A week ago I finished my audio cooler. Although I was happy with the result improvements could be made (as is always the case). Most important I didn’t particularly like the console on the side of the coolers lid. This was a 3d printed part of PLA that I glued to cooler with a superglue. This was far from ideal because of the space left between the printed console and the cooler . Another improvement could be made by the way that the speaker was fitted to the lid of the cooler. The speaker was directly attached to cooler with four screws again leaving some space between the two. I already had some FilaFlex filament but hadn’t used it yet. Because of the elastic and flexible properties of Filaflex I figured that I could both fix the issues with the console and the speaker.
In my previous blog post I finished my audio cooler. It’s a small cooler with a tiny audio system that nevertheless sounds good. The only way to control the audio is through a wired connection. It would be a nice addition to have some kind of remote control either by WiFi or Bluetooth. While testing the cooler I’ve got the idea to connect a Raspberry Pi A+, that was still unused, to the cooler and stream audio over WiFi to the Pi. This could be useful for a garden party or BBQ where WiFi is available and I don’t want to attach the smartphone to the cooler. In this blog post I’ll share my experience with installation and operating the software needed for this project on the Pi.
Installing music software on the Raspberry Pi
Since I run the Raspberry Pi headless I use SSH login to the Pi. SSH is available for most operating systems with the notable exception of Windows. I already had Raspbian installed on the Pi so first I updated the OS.
A couple of weeks ago I started to make a tiny audio system for our cooler. In my previous blogpost I described all the audio components that I chose for this project. I wanted the components to be small since I didn’t want to waste too much space in the cooler. With the audio components in hand I could design other parts for the audio system. I needed an enclosure for most of the audio components and a simple console to operate the audio. The parts were 3d printed with my Hephestos 2.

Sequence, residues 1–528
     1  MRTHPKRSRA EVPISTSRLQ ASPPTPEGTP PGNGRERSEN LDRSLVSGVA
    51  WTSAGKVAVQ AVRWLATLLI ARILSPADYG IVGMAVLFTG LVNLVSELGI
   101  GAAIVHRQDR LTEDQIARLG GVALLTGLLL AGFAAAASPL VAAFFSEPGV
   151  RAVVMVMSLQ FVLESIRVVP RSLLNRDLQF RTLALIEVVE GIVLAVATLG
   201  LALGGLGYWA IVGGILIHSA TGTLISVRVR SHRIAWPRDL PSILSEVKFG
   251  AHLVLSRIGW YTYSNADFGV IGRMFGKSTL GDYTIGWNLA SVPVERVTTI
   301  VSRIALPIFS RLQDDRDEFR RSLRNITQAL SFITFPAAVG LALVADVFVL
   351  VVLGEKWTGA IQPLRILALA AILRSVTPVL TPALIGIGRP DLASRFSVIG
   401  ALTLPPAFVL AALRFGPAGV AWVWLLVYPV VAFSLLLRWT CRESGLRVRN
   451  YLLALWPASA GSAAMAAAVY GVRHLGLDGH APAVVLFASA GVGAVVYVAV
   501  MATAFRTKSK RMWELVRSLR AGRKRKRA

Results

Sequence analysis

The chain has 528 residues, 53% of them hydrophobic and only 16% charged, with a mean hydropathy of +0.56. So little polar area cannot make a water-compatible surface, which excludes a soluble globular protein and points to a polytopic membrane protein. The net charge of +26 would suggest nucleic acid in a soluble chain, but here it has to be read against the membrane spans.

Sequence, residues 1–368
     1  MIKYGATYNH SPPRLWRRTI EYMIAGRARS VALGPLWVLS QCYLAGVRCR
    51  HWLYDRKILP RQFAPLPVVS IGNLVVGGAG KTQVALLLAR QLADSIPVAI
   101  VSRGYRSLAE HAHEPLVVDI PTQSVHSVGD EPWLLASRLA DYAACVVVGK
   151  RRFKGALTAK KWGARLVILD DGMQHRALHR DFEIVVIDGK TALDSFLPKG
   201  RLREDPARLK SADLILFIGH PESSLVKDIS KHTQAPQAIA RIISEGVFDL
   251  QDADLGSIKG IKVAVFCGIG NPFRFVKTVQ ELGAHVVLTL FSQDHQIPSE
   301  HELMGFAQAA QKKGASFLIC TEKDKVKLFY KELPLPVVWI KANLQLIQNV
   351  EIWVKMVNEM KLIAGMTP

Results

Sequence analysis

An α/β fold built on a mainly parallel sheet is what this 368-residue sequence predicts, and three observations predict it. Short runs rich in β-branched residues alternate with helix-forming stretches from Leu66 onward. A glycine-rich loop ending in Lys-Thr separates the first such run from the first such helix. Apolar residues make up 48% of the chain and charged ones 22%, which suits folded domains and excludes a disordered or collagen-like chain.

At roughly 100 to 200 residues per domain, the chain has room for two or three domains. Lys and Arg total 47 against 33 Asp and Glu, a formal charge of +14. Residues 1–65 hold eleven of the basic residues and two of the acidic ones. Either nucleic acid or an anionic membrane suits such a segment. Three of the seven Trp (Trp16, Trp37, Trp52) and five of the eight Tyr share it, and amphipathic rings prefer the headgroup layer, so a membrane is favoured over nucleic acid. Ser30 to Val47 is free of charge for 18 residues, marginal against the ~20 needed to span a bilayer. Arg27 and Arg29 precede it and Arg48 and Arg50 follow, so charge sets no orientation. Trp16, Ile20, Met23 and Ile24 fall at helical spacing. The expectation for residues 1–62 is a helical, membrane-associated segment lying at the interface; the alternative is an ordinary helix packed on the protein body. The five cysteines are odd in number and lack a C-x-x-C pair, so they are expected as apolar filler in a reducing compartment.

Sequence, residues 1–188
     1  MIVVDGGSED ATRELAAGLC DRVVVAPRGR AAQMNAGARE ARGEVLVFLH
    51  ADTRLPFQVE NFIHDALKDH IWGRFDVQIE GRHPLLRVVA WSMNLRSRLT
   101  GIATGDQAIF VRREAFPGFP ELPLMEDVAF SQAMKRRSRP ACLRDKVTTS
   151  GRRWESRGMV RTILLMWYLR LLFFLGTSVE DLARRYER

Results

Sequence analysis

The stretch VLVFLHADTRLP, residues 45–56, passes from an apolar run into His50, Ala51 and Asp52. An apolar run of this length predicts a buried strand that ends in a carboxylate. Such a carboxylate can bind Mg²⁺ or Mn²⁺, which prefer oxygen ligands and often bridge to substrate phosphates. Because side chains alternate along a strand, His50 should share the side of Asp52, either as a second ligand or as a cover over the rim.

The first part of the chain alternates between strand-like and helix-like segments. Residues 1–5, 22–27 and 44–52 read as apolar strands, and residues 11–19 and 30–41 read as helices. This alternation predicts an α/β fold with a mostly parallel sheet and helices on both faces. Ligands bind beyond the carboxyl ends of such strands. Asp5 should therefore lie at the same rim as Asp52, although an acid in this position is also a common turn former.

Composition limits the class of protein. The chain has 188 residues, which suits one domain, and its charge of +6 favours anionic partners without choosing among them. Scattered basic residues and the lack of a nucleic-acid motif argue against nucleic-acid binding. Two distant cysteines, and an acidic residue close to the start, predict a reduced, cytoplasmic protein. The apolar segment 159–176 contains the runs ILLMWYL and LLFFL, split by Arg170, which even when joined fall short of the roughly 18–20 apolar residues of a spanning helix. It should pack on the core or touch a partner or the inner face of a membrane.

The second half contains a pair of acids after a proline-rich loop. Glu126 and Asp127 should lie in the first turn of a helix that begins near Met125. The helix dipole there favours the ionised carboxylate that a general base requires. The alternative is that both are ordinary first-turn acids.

For picknicks we use a small cooler and with the upcoming spring and summer it seems like a great idea to add an audio system to it. Most DIY coolers with audio that I found on the internet are huge. Not only do they have large speakers and amplifiers but they also have a huge lead battery hardly leaving any space for the picknick gear. I want a tiny, one speaker system that sounds nice but is lightweight and leaves plenty of room for the other stuff. I also wanted it nicely integrated in the cooler without too many wires. I therefore started to design and build one.
Choosing the audio components
I started this project by choosing a suitable battery. As stated above lead batteries are relatively large due to their low energy density. Lithium polymer batteries on the other hand have large energy density, four to five times higher than lead according to this source. Prices of polymer batteries are also very reasonable nowadays.
Next I chose the amplifier. I was looking for a small one with just enough power to provide a good sound with a proper speaker. There is plenty of choice but I chose the Kemo 3,5W (M031N) since it’s small but also humidity and shake proof. It also comes in a nice package and has a broad operating voltage range from 4.5-12V/DC.